“The PSHS System has chosen remote learning as a mode of education delivery and defined roles and expectations for teachers to effectively steer and support students’ learning in the Covid-19 pandemic through synchronous and asynchronous instruction and self-directed learning,” said Marmol.

Because of the effective implementation reflected on student performance and achievements, the PSHS System was awarded as Grand Winner in the 2020 Queensland University of Technology Impact Story. 
“Our learning guides [the PSHS System instructional modules for students] undergo peer review to check for accuracy and appropriateness of content. Through the Turnitin software, the learning guides were scanned for originality of content. The learning guides underwent revisions and adjustments in the instructional material development process,” said Marmol.

In the study titled “Performance of Philippine High Schools with Special Science Curriculum in the 2008 Trends in International Mathematics and Science Study (TIMSS-Advanced) conducted by Ester B. Ogena, Ruby D. Laña, and Randolf S. Sasota of the Department of Science and Technology – Science Education Institute, revealed that in all the content domains of advanced mathematics, namely, Algebra, Geometry and Calculus and across all cognitive domains (Knowing, Applying and Reasoning), PSHS did remarkably better than the other type of science high schools, even outperforming some of the other participating countries.

Majority of the PSHS students reached the Intermediate benchmark level, which is about mid-level among the participating countries. The study said that the results reaffirm that PSHS is indeed a model in the science educational system in the country that can compete internationally.

“Innovation has been the language of development across the 16 PSHS campuses. Positive results are evident in the PSHS innovation initiatives and in its science education leadership practices through the efficient implementation of its specialized STEM curriculum and delivery of instruction,” said Oliveros.

According to Oliveros, the PSHS System Curriculum reflects the results of a study of LaForce, Noble, King, Holt, and Century in the United States in 2016 that identified six core elements and two supporting elements of inclusive STEM schools. Of the six core elements, four were instructional and two were non-instructional. The instructional elements common across the inclusive STEM schools included the personalization of learning, the use of problem-based learning, increased rigor of learning, and the incorporation of career, technical, and life skills. The non-instructional elements were a sense of community and school belonging and connections to the external community.

“Experiential learning teaches future scientists, doctors, researchers, engineers, and innovators to be comfortable with scientific procedures in the labs. Hands-on learning also impacts development of values such as precision and accuracy,” said Oliveros, who served as chief of Curriculum and Instruction Division of PSHS-Central Luzon Campus for five years.


Oliveros added that PSHS enriches its curriculum offerings with specialized programs: Kids’ Innovation Challenge, Science Research Summit, Model United Nations, and the PISAY Science Communication, among others where students can exhibit higher order thinking skills.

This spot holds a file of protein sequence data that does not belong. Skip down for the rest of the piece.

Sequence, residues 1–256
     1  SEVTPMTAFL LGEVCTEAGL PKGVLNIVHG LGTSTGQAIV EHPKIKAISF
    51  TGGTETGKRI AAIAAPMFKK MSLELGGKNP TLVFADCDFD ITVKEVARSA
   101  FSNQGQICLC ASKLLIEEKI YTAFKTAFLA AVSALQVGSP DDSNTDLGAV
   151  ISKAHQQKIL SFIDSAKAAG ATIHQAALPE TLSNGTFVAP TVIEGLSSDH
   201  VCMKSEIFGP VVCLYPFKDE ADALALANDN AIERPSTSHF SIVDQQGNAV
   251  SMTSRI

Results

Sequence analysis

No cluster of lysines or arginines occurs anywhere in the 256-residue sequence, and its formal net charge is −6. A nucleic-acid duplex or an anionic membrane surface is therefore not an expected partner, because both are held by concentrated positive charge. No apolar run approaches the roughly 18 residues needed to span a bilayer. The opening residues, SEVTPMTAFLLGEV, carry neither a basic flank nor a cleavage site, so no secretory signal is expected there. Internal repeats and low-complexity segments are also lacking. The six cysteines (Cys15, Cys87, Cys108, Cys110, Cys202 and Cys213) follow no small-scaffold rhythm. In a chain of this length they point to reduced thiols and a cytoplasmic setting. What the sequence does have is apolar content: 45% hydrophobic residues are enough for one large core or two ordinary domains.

The PSHS System invests in human resource empowerment through its annual National Teachers Convention that aims to improve teachers’ practical knowledge of integrating STEM subjects at the classroom level, to harmonize the implementation of the curriculum in terms of major instructional assessment practices, and to encourage sharing of research findings in their respective fields of specialization. To help non-education graduates among faculty members, the PSHS System offers the Customized Certificate in Professional Education Program (CPE) to equip them with pedagogical skills and to encourage them to take the licensure examination for teachers. This program operates in partnership with accredited reputable universities.

“The PSHS Comprehensive Teacher Induction Program helps new and young teachers in the 16 campuses. This initiative aims to develop a learning community that will streamline ways and means to help teachers and administrators to adapt to our workplace culture and highlights conditions of success. With proper guidance, new teachers can begin to understand how the pieces of the whole fit together and feel confident to carry out their responsibilities and functions,” said Oliveros.


According to Habacon, the PSHS System strives to sustain its leadership as the premier science high school in the Philippines and shall focus on more STEM education innovations as part of its future directions to remain relevant in the field of STEM education. 

“We will develop a culture of smart thinking instead of lots of knowledge so that PSHS System graduates to be leaders and enablers in society and invest in digital learning innovations in conducting face-to-face and online classes, lab activities, and adaptability to technology (Artificial Intelligence, virtual and augmented reality),” said Habacon.

Habacon added that the PSHS System shall embrace learning adjustments as dictated by the economy towards new competencies, intensify focus on enhancement of socio-emotional skills of students; and enhance the learnability of students by strengthening their ability to learn by themselves.


(Aries N. Oliveros, Executive Assistant)